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Opening Date
25 May 2017
M18 Drug Use
101 mins
Mandarin with English & Chinese subtitles
Lawrence Lau
Sean Lau, Louis Koo, Lam Ka-tung, Zhang Jin
This is a true story based on a repented gangster preaching the word of God and guiding his brotherhood to turn over a new leaf. Chen once was the leader of the famous gang "The 13 Tsz Wan Shan", he lost his family, lovers, brothers and finally ended up imprisoned for his drug abuse and trafficking. After jail, he devoted himself to save the lost fellows and was selected as "The JCI Hong Kong Ten Outstanding Young Persons". Being respected by the world, Chen is always asked to solve the most difficult situations between evil and good. People give him a nickname "The Fixer". However, there are two sides of a coin, Chen can work out any problem of others, he does not know how to deal with his personal knot with his love, with whom he has had guilty conscience all his life. Can he fix it eventually?
By Jason Lin  26 May 2017
Dealer/Healer disappoints those who are looking out for greater inspiration values that emerge over and above the mere events and characters.
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Adapting an actual real-life figure’s inspiration life story for the silver screen has also proved to be a challenge where not many films can make good with the concept. A person’s life comprises of several characters and plot threads and there has to be a thematic focus to enable a powerful message to be delivered at the end of the film.
This is sadly not present in Hong Kong filmmaker Lawrence Lau’s latest Dealer/Healer that portrayed an adapted life story of Peter Chan Shun Chi, an actual drug dealer who later redeemed himself in life to become a good social citizen.
With Hong Kong veteran Lau Ching Wan starring in the lead role as Chen Hua, one is almost promised of an engaging performance given the film’s premise. His co-stars, like those who play his best buddies BullHorn (Gordan Lam) and Cat (Zhang Jin) and his spouse Carol (Jiang Yiyan) are likewise effective in their roles. What let them down is a screenplay that didn’t enable the inter-character dynamics to grow onto the audience. It was sadly more of a replication of scenes in Chan’s life and hence the need for these characters.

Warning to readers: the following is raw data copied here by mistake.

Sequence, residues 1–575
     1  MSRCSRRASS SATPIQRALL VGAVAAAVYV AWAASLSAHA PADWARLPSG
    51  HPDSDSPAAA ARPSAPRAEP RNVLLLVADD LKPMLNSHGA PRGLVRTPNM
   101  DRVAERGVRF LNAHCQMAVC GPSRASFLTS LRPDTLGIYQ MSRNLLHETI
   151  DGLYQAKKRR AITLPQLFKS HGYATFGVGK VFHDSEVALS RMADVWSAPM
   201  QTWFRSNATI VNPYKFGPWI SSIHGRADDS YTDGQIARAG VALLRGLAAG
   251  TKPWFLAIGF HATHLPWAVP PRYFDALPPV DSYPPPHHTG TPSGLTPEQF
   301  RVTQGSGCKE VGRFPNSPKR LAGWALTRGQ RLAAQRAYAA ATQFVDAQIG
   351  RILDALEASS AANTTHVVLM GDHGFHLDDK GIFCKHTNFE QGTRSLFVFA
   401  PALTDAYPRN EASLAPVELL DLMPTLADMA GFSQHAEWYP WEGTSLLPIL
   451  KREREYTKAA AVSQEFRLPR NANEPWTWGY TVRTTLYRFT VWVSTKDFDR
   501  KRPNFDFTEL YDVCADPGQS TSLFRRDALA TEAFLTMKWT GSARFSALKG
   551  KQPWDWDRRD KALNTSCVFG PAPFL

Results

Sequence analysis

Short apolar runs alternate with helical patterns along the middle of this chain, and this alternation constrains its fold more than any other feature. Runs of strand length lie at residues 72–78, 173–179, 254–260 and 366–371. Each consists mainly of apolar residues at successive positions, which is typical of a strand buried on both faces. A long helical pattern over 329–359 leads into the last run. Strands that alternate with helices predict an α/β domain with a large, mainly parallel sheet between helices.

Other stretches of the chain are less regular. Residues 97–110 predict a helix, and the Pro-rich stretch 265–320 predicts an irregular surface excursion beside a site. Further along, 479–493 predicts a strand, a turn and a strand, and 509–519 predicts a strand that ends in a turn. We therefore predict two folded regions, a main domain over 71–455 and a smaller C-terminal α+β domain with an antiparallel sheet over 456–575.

The jarring approach of going back and forth between periods of Chen Hua’s life from the 60s to the 70s didn’t help the audience to appreciate the film better either. The choice of narrative structure is questionable and begs one to ponder the artistic intention behind it.
Production design should be noted as one of the film’s greatest technical excellence. At times going elaborate in detail by deploying CG to assist with the authentic replication of the period, Dealer/Healer made a strong point of the nostalgia and how dear Chan holds his affection for the past in his heart.
Louis Koo’s role as an unexpected partner in Chen Hua’s life is a worthy plot thread to develop. Koo’s portrayal brings good depth to his character that is unpredictable where one is never able to truly tell what is going on in his mind. Despite a sizable role in the film, Koo is credited as a special appearance due to the unfortunate fate of his character in the film.
Dealer/Healer’s initial addiction to drugs and eventual affection for loved ones should have been reflective of its central character who turns from a dealer to a healer in life. Spending meagre time and efforts within each of the several life events involving various characters in Chen Hua’s life, Dealer/Healer disappoints those who are looking out for greater inspiration values that emerge over and above the mere events and characters.
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Official Trailer
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